The Importance of “Port Resiliency” for Humanitarian Logistics
More often than not, when (natural) disaster happens, the problem is not the willingness of the world community to help. What hinders a quick support for the people in need is more the logistics infrastructure (most of the time at least damaged if not destroyed by the disaster at hand) and missing corresponding logistics concepts to get the best performance by using what is left. Since 2010 BVL is working on the topic of Humanitarian Logistics by means of dedicated councils. The most recent findings have been published in the last quarter of 2013. First tangible results have been achieved. Daniel Link, who was a highly committed member of BVL International’s Humanitarian Logistics Council and who is doing continuous research on the topic, sent me a summary of the interesting but quite long article “Get seaports ready for desaster” which I would herewith like to recommend and present. He wrote the original article together with James F. Smith of AmericasRelief Team and Ferdinand Moehring of BLG LOGISTICS. Find the long version here: http://www.monthlydevelopments.org/article/making-ports-more-resilient
Seaports and airports play a significant role to deliver international humanitarian assistance during disasters, as they channel most of the required personnel, equipment and supplies that is brought into the affected country. For example, international response to the food crisis in East Africa from 2007 to 2012 relied on the ports of Mombasa, Djibouti and Port Sudan with last mile transports being realized with 20-30 metric ton trucks.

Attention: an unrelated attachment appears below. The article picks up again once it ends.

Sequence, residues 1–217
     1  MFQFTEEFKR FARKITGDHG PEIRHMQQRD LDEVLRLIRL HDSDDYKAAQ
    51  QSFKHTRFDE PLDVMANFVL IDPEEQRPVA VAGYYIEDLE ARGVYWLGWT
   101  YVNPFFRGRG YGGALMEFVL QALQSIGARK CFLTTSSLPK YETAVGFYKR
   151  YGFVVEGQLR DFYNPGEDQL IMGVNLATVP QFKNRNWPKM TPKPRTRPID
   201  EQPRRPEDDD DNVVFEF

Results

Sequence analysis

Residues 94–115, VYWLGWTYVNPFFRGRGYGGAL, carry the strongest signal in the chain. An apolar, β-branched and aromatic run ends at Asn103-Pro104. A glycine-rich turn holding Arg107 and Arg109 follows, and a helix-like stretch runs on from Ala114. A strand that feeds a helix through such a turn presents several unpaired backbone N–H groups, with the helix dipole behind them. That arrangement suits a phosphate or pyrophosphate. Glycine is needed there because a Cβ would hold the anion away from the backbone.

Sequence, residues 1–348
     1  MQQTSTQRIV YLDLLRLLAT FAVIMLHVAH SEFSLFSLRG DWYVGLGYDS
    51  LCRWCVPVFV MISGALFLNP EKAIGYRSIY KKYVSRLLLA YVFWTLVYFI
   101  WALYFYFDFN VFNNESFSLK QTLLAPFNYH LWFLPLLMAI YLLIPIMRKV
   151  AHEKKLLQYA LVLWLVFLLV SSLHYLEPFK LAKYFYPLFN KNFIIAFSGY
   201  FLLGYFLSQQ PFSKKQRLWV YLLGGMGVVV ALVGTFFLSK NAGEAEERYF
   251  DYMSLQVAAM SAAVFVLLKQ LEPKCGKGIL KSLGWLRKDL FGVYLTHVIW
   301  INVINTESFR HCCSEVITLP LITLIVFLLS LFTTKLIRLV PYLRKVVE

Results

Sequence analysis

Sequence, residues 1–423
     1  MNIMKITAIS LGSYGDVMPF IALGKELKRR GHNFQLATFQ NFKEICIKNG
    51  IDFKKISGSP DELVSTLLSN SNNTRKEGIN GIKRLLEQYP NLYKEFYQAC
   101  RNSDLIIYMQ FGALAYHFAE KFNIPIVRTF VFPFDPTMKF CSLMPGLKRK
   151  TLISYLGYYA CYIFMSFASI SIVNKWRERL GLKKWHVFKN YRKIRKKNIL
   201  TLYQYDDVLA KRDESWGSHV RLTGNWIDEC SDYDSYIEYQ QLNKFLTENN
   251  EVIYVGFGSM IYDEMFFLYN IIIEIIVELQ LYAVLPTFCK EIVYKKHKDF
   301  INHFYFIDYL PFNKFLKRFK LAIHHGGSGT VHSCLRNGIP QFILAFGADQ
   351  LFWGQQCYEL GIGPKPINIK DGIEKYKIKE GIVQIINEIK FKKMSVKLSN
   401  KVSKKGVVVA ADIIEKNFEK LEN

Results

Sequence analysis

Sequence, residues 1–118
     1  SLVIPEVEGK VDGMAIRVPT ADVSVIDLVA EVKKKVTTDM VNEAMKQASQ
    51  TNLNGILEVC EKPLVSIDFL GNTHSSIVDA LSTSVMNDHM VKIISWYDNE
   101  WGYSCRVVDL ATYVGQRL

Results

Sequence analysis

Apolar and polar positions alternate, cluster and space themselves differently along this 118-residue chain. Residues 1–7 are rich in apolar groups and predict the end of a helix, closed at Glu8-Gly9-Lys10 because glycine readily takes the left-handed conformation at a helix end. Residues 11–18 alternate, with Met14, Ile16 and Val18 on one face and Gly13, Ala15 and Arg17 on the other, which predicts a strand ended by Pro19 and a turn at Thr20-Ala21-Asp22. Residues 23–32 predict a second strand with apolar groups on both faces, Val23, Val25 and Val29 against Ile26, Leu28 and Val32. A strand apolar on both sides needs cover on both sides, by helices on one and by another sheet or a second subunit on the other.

Both seaports and airports represent complex systems that comprise various modes of transportation and communication, with many employees on site. Moreover, they are based on large public and private investments and are often part of the public image of their cities or nations. Regardless of type, ports are vulnerable to and need to be made resilient against physical damage, disturbances of operations, demand exceeding capacity, and lack of specialized equipment. Civil disorder and epidemics are further factors to be considered. Ports that are used for relief efforts can be situated within the area that is affected by a disaster or far away from it.
Efforts aimed at attaining port resilience fall into five general categories: policy, organizational (relationships), procedural, structural, and defensive. Resiliency measures that cut across the first three categories are – protection of key employees and their families and creation of priority plans for competing use in case a port is stressed by disaster relief efforts. Any effective attempt to improve port resilience requires interaction among many partners, i.e. owners and operators of the port, its regulators, the financial sector, normal users of the port and humanitarian organizations; hence public-private partnerships have great advantages for port resiliency.
Existing approaches that aim to improve port resiliency are Deutsche Post DHL’s “Get Airports Ready for Disaster” (GARD) for airports, BVL International’s “Get Seaports Ready for Disaster” (GSRD) for seaports, and AmericasRelief Team’s Port Resiliency Program (PReP) for airports and seaports. These programs are covered in greater detail in the book Managing Humanitarian Supply Chains – Strategies, Practices and Research, published in October 2013. The book contains the results from the second cycle of BVL International’s Humanitarian Logistics Council. Find more about the book at http://www.bvl.de/en/knowledge/publications/series